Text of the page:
I recently discussed Darkness Falls on the Land of Light at the Massachusetts Historical Society with Stephen Marini, one of my favorite scholars of religion in early America. Here’s the YouTube video from MHS. Gulp!
Looking forward to catching up with friends and colleagues in Boston this coming Wednesday, February 13, from 5:30 to 7:00 p.m. at the Massachusetts Historical Society. I’ll be discussing Darkness Falls on the Land of Light in an innovative public forum moderated by Wellesley College historian Steve Marini. I’m grateful to the staff at the MHS for supporting my research for more than two decades; and I’m thrilled and honored that DFLL was selected for the 2018 Peter J. Gomes Memorial Book Prize. One of my favorite illustrations in the book—an unusual overmantel painting depicting a Council of Ministers (see below and page 368)—hangs in a quiet hallway in Memorial Hall, not far from the pulpit where Professor Gomes delivered inspirational sermons and addresses to legions of Harvard students during his four-decade career.
Click the button below to learn more about the MHS event on Wednesday evening, which requires a reservation but is free and open to the public.
So thrilled that Darkness Falls on the Land of Light has been selected for the 25th Annual Virginia Festival of the Book! I’m looking forward to chatting about the “people called New Lights” on a panel with fellow OI author Robert Parkinson. Our session will take place in Charlottesville on the afternoon of Wednesday, March 20, 2019. More details coming soon!
Darkness Falls on the Land of Light has been awarded the Peter J. Gomes Memorial Book Award from the Massachusetts Historical Society in Boston. This prestigious book prize honors the Rev. Peter Gomes (1942–2011), Plummer Professor of Christian Morals at Harvard Divinity School and a longtime supporter of the MHS.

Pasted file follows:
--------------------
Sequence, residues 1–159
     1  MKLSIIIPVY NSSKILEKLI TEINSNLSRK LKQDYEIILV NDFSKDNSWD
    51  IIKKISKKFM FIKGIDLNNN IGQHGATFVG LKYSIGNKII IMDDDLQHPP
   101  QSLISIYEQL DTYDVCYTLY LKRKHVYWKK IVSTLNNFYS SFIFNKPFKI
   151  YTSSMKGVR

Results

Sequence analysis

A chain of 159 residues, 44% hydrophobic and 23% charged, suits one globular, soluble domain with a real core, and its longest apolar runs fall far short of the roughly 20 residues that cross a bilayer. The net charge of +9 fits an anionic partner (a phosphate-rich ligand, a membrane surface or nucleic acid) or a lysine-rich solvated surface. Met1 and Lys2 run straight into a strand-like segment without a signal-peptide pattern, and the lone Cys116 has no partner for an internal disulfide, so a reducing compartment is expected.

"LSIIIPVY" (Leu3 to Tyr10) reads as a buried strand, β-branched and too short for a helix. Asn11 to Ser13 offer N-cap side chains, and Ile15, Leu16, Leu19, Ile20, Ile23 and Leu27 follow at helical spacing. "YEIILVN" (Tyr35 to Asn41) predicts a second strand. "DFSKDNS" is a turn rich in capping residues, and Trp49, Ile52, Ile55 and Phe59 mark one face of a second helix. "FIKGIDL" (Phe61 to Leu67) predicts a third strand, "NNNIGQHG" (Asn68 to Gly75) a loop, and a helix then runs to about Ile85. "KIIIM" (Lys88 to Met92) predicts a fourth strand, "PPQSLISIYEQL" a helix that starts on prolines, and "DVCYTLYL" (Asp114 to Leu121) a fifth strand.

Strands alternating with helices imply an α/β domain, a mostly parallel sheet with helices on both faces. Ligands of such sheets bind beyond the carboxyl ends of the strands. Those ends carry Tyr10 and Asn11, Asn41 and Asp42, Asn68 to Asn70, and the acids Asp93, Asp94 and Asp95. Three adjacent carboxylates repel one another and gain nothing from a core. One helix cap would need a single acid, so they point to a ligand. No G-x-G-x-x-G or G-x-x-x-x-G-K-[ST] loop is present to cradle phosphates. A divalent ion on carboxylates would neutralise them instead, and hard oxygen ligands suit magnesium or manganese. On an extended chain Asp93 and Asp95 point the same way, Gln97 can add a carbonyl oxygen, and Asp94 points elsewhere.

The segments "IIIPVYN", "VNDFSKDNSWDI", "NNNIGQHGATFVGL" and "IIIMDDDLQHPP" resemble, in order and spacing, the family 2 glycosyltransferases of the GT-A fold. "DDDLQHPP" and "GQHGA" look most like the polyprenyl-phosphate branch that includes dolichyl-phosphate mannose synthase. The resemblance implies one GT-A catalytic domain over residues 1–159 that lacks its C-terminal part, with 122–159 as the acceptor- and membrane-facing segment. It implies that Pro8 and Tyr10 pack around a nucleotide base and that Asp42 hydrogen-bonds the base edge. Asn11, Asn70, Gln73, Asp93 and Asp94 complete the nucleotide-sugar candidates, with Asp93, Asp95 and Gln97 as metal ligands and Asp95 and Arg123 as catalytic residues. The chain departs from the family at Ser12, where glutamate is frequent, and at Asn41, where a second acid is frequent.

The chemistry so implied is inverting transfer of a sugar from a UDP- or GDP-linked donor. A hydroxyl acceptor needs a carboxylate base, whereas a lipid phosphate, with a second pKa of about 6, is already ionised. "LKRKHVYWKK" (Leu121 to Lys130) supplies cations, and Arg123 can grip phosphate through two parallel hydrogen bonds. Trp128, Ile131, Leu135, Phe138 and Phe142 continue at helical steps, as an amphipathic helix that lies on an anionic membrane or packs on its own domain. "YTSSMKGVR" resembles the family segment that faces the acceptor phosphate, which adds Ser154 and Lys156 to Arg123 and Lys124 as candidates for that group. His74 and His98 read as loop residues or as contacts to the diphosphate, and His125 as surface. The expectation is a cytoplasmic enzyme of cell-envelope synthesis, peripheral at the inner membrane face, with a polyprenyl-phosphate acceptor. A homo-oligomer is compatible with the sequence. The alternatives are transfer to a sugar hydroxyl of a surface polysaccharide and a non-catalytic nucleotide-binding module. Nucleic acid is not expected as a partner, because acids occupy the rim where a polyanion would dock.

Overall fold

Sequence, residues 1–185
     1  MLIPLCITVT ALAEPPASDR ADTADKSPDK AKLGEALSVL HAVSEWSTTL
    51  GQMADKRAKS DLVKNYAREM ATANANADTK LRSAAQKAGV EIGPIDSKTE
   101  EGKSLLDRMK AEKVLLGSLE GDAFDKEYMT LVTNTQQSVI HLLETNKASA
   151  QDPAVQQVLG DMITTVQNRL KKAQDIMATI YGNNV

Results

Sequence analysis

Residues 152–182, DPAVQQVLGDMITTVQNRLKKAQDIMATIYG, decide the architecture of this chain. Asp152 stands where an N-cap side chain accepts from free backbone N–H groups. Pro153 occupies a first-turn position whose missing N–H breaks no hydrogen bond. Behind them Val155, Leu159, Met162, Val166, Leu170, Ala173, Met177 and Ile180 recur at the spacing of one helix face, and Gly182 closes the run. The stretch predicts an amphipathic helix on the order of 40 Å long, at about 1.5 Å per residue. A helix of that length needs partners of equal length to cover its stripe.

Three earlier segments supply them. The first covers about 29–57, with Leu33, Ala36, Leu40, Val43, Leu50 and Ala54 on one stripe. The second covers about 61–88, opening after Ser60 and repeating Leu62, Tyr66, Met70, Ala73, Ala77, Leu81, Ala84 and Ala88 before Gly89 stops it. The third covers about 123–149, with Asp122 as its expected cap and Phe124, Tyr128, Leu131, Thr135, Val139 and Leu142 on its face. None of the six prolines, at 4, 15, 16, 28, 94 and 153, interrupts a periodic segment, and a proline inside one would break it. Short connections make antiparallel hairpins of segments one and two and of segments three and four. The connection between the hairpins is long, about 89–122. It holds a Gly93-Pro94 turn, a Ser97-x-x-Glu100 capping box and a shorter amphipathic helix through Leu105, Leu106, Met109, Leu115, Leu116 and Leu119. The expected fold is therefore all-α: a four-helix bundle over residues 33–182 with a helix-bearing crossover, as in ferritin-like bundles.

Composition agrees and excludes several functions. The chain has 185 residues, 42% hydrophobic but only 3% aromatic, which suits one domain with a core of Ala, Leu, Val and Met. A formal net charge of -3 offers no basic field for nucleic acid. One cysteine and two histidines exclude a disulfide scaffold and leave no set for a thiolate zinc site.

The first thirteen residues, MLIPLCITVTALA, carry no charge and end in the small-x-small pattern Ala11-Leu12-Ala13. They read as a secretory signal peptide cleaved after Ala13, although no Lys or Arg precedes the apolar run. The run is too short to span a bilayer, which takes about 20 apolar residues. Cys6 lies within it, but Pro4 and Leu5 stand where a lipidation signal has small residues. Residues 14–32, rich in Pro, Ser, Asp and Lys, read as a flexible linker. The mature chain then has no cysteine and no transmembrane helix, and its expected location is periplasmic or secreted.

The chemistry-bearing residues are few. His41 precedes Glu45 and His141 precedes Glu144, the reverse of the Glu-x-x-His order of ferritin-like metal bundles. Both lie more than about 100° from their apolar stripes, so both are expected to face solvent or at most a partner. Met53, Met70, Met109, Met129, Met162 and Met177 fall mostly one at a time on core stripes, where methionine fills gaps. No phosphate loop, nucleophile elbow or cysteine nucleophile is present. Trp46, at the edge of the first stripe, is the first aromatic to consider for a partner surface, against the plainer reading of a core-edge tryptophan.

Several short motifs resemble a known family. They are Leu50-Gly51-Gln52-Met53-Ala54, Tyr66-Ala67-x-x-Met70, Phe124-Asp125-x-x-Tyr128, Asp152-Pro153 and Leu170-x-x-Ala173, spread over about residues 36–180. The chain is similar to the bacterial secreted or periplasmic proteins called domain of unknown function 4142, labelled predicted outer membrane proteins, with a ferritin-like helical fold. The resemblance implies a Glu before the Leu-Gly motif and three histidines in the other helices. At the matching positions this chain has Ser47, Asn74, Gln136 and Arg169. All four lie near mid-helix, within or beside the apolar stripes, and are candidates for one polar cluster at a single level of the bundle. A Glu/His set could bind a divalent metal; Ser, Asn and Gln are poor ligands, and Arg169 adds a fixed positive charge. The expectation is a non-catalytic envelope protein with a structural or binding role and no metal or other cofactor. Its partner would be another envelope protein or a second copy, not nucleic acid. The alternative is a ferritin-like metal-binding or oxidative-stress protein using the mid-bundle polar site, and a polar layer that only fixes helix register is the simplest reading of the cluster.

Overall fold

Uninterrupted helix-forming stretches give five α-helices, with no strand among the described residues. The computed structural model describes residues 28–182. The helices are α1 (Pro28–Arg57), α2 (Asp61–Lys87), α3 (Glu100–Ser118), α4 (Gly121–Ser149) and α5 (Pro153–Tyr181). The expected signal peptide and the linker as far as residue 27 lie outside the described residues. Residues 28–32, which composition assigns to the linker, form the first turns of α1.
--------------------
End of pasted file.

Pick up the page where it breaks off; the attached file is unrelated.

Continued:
The MHS is one of my favorite research haunts. I can still remember my first visit to Boylston Street over two decades ago. On that day, I discovered several important letters that anchor my analysis of the Great Earthquake of 1727. Over the years, regular trips to the MHS taught me critical archival research skills: from searching finding aids and card catalogs to handling rare books and manuscripts. I’ll always be grateful to the MHS archivists for sharing their incomparable expertise with unfailing good humor as I plowed through countless boxes and folders.
The award ceremony next February will feature a public forum in which I discuss DFLL with Wellesley College historian Stephen Marini. More details soon!
American Heritage, the venerable popular history magazine, recently published an excerpt from the introduction of Darkness Falls on the Land of Light as part of their special issue on the George Washington Prize. Check it out!
Darkness Falls on the Land of Light has been selected as a finalist for the 2018 Virginia Literary Awards. Sponsored by the Library of the Virginia, the awards recognize works of fiction, nonfiction, and poetry about Virginia or by Virginia authors. It's a great honor to be recognized by the LVA, and I'm looking forward to meeting the other finalists, including nonfiction authors Donna Lucey and Liza Mundy, at the awards dinner in October!